Next, the hospital moved to addressing the issues that ultimately led to its financial demise. "Nearly everything was equal in terms of priorities to address financial challenges. There were volume issues, staffing costs, supply costs and reimbursement concerns," says Mr. Burchill. "I recommend working closely with your finance team to combat these issues. Start by renegotiating the structured relationships with your top two or three managed care organizations to see if there is a way to get some relief."

During the entire process, Mr. Burchill made himself visible and available and worked to preserve the hospital's relationships with both vendors and managed care organizations, as well as with community members. "It falls to the CEO to be that key business contact with the vendors and managed care organizations," he says. "Let the vendors know you understand what happened to them, from business perspective, but explain the need to structure a new relationship and keep them as a strategic business partner."

In the end, the hospital that Mr. Burchill oversaw was able to reposition itself and eventually began operating in the black again. Managed care contracts stabilized, medical staff grew, volume improved and the hospital eventually recovered.

5. Natural disaster
The crisis: One of the most devastating tornados in the country ripped through the South in 1997, severely damaging the offices of numerous physicians affiliated with an Atlanta-based pediatric hospital. Although the hospital had a strong disaster plan and had enacted numerous drills to protect its main hospital facility and its patients, which were not ultimately affected by the storm, the healthcare organization overlooked the importance of developing an action plan for dealing with natural disasters affecting its more than 300 affiliated pediatric physicians with offices in 70 different locations. Approximately 15 percent of the hospital's physician network was unable to occupy their office space to treat patients after the storm, and efforts to repair the damage were estimated to take from 6-12 months.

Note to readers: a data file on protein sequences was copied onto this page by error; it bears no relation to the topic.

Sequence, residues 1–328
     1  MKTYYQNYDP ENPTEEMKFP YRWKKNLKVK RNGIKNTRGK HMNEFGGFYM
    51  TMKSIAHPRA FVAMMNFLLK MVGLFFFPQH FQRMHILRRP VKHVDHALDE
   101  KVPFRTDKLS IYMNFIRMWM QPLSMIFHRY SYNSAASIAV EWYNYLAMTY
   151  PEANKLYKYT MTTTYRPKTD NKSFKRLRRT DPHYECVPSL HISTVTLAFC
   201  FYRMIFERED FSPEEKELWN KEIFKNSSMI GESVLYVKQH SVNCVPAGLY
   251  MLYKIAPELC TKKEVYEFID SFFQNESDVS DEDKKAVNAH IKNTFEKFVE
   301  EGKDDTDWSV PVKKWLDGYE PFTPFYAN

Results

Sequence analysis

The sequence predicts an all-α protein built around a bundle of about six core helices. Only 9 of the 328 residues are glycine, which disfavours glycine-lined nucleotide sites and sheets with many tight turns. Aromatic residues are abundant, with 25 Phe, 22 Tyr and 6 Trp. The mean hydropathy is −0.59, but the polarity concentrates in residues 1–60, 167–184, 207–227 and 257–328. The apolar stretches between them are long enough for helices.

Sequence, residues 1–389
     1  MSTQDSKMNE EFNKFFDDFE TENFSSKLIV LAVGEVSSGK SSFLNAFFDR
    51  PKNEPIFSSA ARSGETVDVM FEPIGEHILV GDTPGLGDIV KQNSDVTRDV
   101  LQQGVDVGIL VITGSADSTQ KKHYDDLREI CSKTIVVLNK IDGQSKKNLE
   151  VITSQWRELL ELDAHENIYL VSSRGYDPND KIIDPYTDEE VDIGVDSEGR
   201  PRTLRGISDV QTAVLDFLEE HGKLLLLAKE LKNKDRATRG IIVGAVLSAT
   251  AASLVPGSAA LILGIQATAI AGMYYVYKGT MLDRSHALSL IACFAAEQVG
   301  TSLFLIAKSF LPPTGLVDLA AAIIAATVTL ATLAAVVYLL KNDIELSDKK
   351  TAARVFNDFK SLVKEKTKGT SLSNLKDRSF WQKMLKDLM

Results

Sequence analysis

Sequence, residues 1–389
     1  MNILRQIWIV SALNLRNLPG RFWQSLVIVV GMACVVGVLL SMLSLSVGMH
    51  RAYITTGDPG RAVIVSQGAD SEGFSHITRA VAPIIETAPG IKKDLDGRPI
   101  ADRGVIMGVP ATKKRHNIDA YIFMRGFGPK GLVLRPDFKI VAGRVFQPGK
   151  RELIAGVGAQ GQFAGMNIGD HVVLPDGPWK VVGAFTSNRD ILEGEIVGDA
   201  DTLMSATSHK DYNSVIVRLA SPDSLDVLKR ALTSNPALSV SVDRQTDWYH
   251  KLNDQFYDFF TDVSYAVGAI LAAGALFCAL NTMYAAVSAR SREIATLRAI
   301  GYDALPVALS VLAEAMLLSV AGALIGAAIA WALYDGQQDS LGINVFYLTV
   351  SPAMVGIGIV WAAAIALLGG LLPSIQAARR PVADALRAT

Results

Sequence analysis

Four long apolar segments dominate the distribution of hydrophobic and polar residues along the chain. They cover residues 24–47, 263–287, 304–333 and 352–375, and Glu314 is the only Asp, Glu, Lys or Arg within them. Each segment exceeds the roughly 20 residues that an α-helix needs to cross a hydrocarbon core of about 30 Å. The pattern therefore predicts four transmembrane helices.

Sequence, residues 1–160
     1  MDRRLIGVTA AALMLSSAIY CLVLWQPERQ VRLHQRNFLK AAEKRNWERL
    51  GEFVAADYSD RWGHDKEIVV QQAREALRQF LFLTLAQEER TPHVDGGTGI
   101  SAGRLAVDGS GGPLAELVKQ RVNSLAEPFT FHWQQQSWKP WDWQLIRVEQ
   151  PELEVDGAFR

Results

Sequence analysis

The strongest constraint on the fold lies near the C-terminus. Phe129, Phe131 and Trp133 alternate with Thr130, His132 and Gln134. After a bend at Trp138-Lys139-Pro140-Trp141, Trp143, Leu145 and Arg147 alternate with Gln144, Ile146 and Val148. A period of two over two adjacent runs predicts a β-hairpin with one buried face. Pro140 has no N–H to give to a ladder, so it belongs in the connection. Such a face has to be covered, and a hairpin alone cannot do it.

The solution: The hospital worked quickly to locate temporary office space for the physician practices affected by the disaster so that they could resume business, according to Marty Rosenberg, a principal with EthosPartners, a healthcare management consulting firm, and an executive at the children's hospital during the time of the scenario described here. Other practices allowed the shuttered practices to see patients in their offices, doubling up schedules and opening during weekends in some instances. Another issue facing the networked providers was difficulty in accessing the then paper-based patient records at these shuttered facilities — an additional concern that the hospital had not considered.

According to Mr. Rosenberg, many of the difficulties the hospital faced could have been alleviated if the hospital would have considered its affiliated physicians in its disaster preparedness plans. "We were not prepared for a disaster to hit this critical part of our hospital. We had a disaster plan in place for our inpatient facility, as was required by our accrediting body, but we weren't prepared for the networks, and as a result multiple pediatric practices were completely put out of business for some time," he says.

Mr. Rosenberg also cautions that as healthcare providers become more dependent on electronic health records, there is an increased need to protect that information and an increased need for a backup plan for accessing the information if systems are damaged.
He advises that hospitals view infrastructure as an insurance policy to protect health information. He also suggests that all electronic systems have off-site back-up storage, because the likelihood of systems going down in two locations is very unlikely.

As healthcare systems moved from hospital-centric providers to more integrated delivery systems, systems should ensure that disaster preparedness, both in terms of securing physical locations and electronic data, consider both inpatient and outpatient facilities in the network.

Contact Lindsey Dunn at lindsey@beckersasc.com.